1) "countryCode"
2) "DE"
3) "occupation"

As you can see, each row of our DataFrame became a Redis Hash containing countryCode and occupation. As stated earlier, en_curid was used as primary key, so it became part of the key name.

Now that we’ve seen how the data is stored on Redis, let’s jump back into pyspark and see how we would actually write a pipeline to get the most common occupation for the famous people of each country.

Performing computations from a Redis DataFrame

Even though we should have the data still loaded into memory, let’s load it from Redis in order to write code that’s more similar to what you would do in real life.

>>> df ="org.apache.spark.sql.redis").option("table", "people").option("key.column", "en_curid").load()
|  915950|         ZW|   SWIMMER|
|  726159|         UY|POLITICIAN|
only showing top 2 rows

This is how your Spark pipeline would start, so let’s finally do the computation!

>>> counts = df.groupby("countryCode", "occupation").agg({"en_curid": "count"})
|countryCode|   occupation|count(en_curid)|
|         FR|MATHEMATICIAN|             34|
|         IT|SOCCER PLAYER|             81|
only showing top 2 rows

Now each row represents the count of all the present (country, occupation) combinations. For the next step, we need to select only the occupation with the highest count for each country.

Let’s start by importing a few new modules we need, and then defining, using windows, the code to select the most frequent occupations:

>>> from pyspark.sql.window import Window
>>> from pyspark.sql.functions import count, col, row_number
>>> w = Window().partitionBy("countryCode").orderBy(col("count(en_curid)").desc())
>>> result = counts.withColumn("rn", row_number().over(w)).where(col("rn") == 1).select("countryCode", "occupation")
|countryCode|   occupation|
|         DZ|   POLITICIAN|
|         LT|   POLITICIAN|
|         MM|   POLITICIAN|
|         AZ|   POLITICIAN|
only showing top 5 rows

This code grouped the original rows by countryCode, ordered the content of each group by count(en_curid)in descending order, and took only the first element. As you can see, within this small sample, politician seems a very common occupation.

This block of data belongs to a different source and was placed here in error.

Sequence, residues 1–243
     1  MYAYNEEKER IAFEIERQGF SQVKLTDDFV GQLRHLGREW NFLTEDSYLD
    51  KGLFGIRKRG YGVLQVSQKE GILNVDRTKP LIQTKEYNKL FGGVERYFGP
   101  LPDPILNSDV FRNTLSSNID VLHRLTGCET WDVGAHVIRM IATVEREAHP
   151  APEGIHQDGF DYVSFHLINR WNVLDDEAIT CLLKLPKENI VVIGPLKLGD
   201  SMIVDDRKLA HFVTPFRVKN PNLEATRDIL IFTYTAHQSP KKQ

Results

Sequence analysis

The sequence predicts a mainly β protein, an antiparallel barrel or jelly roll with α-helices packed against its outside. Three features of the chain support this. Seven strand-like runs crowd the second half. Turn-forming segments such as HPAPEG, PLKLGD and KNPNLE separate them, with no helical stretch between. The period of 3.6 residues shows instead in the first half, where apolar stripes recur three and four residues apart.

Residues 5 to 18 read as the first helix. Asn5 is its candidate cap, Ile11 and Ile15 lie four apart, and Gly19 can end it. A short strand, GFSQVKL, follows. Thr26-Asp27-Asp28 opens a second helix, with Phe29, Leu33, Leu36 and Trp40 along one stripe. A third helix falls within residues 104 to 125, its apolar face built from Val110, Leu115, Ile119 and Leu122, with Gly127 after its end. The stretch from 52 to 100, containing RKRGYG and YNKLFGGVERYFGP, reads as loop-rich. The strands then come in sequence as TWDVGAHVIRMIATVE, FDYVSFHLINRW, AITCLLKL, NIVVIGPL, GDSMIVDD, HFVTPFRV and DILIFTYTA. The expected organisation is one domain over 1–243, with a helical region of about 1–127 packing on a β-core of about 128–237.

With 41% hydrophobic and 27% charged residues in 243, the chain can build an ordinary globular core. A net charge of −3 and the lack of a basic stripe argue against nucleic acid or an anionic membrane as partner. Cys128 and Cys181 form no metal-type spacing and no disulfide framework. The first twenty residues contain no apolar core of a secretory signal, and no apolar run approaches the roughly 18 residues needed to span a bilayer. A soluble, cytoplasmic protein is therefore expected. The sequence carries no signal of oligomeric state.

Let’s see for how many countries this is true:

>>> result.where(col("occupation") == "POLITICIAN").count()

Wow, that’s a lot, considering there are 195 countries in the world as of today. Now, let’s just save the remaining countries in Redis:

>>> no_pol = result.where(col("occupation") != "POLITICIAN")
>>> no_pol.write.format("org.apache.spark.sql.redis").option("table", "occupation").option("key.column", "countryCode").save()

If you now jump into redis-cli, you will be able to see the new data:

$ redis-cli
> HGETALL occupation:IT
1) "occupation"
> HGETALL occupation:US
1) "occupation"
2) "ACTOR"

If you want to practice more, inspect the original data set and see if you find other details that pique your interest.

An afterword on Spark data types and the Redis Cluster API

A very important point worth reiterating is that every operation on a RDD or DataFrame/set object will be distributed on multiple nodes. If our example was not just about famous people, we’d have had tens of millions of rows at the beginning. In that case, Spark would scale out the computation. But if you only had one Redis instance in place, you’d have N nodes hammering on it, most probably bottlenecking your network bandwidth.

To get the most out of Redis, you’ll need to scale it appropriately using the Redis Cluster API. This will ensure that all your computing nodes are not starved when reading, or choked when writing.


In this post, we explored how to download, compile and deploy spark-redis in order to use Redis as a backend for your Spark DataFrames. Redis offers full support for the DataFrame API, so it should be very easy to port existing scripts and start enjoying the added speed Redis offers. If you want to learn more, take a look at the documentation for spark-redis on GitHub.